Pursuing achievement that really matters
Apr 06, 2017
I have always felt pressure to achieve. Even though I’ve been out of school for a long time now, I still have nightmares about being a student and being completely unprepared for a French or math exam. And I still feel pressure to perform during crucial moments, just as I did when I played competitive basketball.
That pressure followed me into my work for Sony in Tokyo. And when I became a pastor in Vancouver, which is often considered a less competitive, more spiritual kind of vocation, I found that I hadn’t escaped the feeling that I needed to make something exceptional of my life and my ministry.
I wish I could say that I’ve transcended this feeling. But as I look deep into my heart, I realize that even though I want to be faithful, I also want to be successful. Though I want to love God, I also want to be liked and respected by people. Though I want to be loyal to Jesus, I am afraid of being average, mediocre, or ordinary. I am anxious about whether I am accomplishing enough, whether I am enough. This is an ongoing struggle for me.
My friend Jeff, who has keen powers of discernment, observed, “For a long time, you have felt like you needed to be the guy… When you were younger, you felt the need to be the guy on the football field, as a younger man, the guy in the business world, and now, the guy as the pastor.”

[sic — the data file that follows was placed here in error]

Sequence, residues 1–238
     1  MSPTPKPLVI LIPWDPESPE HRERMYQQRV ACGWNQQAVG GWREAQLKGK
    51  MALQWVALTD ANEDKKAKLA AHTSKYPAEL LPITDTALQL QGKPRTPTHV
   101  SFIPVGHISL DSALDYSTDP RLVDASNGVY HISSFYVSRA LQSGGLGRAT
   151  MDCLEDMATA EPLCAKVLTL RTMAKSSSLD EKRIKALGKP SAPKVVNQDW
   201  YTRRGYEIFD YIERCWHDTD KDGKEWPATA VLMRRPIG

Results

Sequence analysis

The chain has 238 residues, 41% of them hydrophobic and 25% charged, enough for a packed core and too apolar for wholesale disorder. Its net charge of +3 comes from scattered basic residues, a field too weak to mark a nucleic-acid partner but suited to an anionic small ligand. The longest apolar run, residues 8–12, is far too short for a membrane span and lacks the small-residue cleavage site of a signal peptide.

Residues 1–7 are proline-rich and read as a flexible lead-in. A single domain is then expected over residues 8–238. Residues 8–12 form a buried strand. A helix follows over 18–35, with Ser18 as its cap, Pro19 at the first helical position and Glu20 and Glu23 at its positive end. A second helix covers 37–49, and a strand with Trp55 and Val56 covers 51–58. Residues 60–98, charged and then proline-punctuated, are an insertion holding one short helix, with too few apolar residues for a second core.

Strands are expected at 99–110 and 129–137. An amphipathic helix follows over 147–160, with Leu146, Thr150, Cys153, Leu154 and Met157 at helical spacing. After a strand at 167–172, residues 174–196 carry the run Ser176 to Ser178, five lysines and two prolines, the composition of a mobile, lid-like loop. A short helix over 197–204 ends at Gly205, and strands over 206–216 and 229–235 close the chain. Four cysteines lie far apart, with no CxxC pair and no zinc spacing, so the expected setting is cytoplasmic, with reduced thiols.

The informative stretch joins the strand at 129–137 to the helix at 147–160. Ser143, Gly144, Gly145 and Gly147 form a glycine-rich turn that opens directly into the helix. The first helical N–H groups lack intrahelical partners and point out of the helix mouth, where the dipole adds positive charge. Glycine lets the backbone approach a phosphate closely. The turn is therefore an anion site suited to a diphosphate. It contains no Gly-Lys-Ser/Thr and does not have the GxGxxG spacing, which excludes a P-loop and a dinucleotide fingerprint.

I resonated with his words, because I recognized my desire to accomplish something significant—to stand-out in some way.
This desire is strong in a lot of us.
Our desire to achieve may spring from the noble motivation of wanting to make a difference in the world, but we may also be driven by the fear of being labeled mediocre or, even worse, that dreaded epithet, “loser.”
While being completely absorbed in our work can make us feel fully alive, like we are doing what we were put on earth to do, it can also cause us to neglect our most important relationships as well as our soul—the part of us that communes with God, which determines our true well-being and happiness. Though we may understand intellectually that we are beloved children of God, most of us continue to measure our value based on our success, our outward appearance, and how others view us.
At this conference, I will speak on pursuing significant, enduring achievement that is not driven by fear and anxiety, but rather springs from the deep joy and gratitude that flows out of knowing we are deeply loved by our Creator.
Ken Shigematsu is the Senior Pastor of Tenth Avenue Church in Vancouver. This blog post is adapted from his forthcoming book: Survival Guide for the Soul: How to Flourish Spiritually in a World that Pressures Us to Achieve.
Ken will be one of the plenary speakers at the 2017 Refresh Conference, May 11-13.